Healthy eating is not just about the food itself that we ingest, it also matters what you use to cook it in!
I have always loved using non-stick cookware for the ease of cooking and the cleaning portion that comes thereafter but truly never realized that in order for it to be made that way it takes harsh chemicals like perfluorooctanoic acid, that eventually leeks out into our food. According to the American Cancer Society, “PFOA has the potential to be a health concern because it can stay in the environment and in the human body for long periods of time. Studies have found that it is present worldwide at very low levels in just about everyone’s blood.” Animal studies have also presented a link between PFOA exposure and cancer development. Of course, something else that can cause cancer!
After Anthony was diagnosed with cancer, this was one of the simple changes that I made. I stopped utilizing all non-stick cookware and started slowly changing out items in the kitchen, beginning with purchasing a cast iron skillet which I now use to cook all of his meals in. Because I knew that Anthony would start have iron deficiency anemia related to his cancer treatment secondary to reduced appetite, poor nutrition, potential gastrointestinal mucosal damage that results in blood loss and bone marrow suppression I resorted to using cast iron cookware. Iron is an essential nutrient for all the cells in our body. Iron’s main function in our body is to help transport oxygen through hemoglobin in the blood and myoglobin in muscles.
As a registered nurse one of our education instructions to our patients is to use cast iron cookware to cook in as a way to help increase their iron levels and prevent or improve their iron deficiency!
Safe, non-toxic types of cookware include: cast iron, stainless steel, glass and copper. One of the cast iron skillets that I use the most, which is also incredibly priced is from Lodge. Taking it way back to one of the oldest, yet safest ways to cook!
The best part about a cast iron skillet, other than the health benefits are that it will last you a lifetime. That is of course, if you take care of it appropriately:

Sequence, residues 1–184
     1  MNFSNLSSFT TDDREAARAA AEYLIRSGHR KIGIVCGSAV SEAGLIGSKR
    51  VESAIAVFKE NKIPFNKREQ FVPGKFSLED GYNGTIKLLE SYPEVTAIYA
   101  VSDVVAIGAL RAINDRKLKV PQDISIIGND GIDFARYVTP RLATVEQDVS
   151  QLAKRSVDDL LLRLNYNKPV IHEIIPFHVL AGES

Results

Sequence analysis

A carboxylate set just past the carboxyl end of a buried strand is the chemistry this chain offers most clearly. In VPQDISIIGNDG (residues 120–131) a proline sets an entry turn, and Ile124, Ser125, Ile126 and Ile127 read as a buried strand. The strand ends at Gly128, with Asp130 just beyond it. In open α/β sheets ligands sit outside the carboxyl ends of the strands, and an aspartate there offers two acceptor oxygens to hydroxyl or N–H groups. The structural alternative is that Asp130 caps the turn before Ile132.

- Wash cast iron by hand (avoid putting in dishwasher or using any metal scrubbers). For extra sticky situations, simmer a little water for 1 minute, then scrape after cooled.
- Dry promptly and thoroughly with a lint free cloth.
- Rub with a very light layer of oil, preferably while the cookware is still warm.
- Hang or store cookware in a dry place.
- The great thing about cast iron is that it can be used on all types of stovetops, including in the oven!
- Cast iron heats up very quickly, so make sure to use a lower heat setting to pre-heat prior to adding food and to also prevent food from burning or sticking.
- You can use any utensils you like on cast iron, but avoid using anything plastic or aluminum for toxic purposes! Bamboo utensils are always a great option as they are organic and will not scratch any surface.
- Make sure to use a hot handle mitt (remove if placing in oven!).
- Seasoning is a very important part of keeping your cast iron cookware working to its optimal state and preserving its condition. It is the act of baking oil onto the iron.
- Using the cookware regularly will help maintain its seasoning but if it not in use often, you will want to make sure to season it if you start to notice it is getting dull.
- Although essentially you can use any type of cooking oil to season, it is not recommended that you use any animal based fats as they can go rancid quickly which is a health concern.
- It is important to maintain the seasoning by applying a very thin layer of oil after each cleaning.
- At some point you may need to completely re-season your cast iron cookware, if so follow these instructions.
Purchasing all new cookware can definitely be a financial burden but it is a lifetime investment for your health and in the long run can save you a lot of money on potential medical care related to health conditions that may arise from using alternative cookware that expose you to hazardous toxins. Lodge has a nice array of cookware to choose from which is reasonably priced.
- Individuals with iron stores that are too high should avoid cooking in cast iron. Also, children under age three are particularly susceptible to iron toxicity, so take extra precaution to not cook all meals in cast iron. Please consult your physician for further recommendation.
- Take extra precaution with the type of oil that you use to cook and season from too much exposure to air, heat or light to prevent it from becoming rancid.
*Any application of the recommendations in this website is at the reader’s discretion.Information is provided for informational purposes only and is not a substitute for professional medical advice. These products are not intended to diagnose, treat, cure or prevent any disease.Please consult with physician prior to use.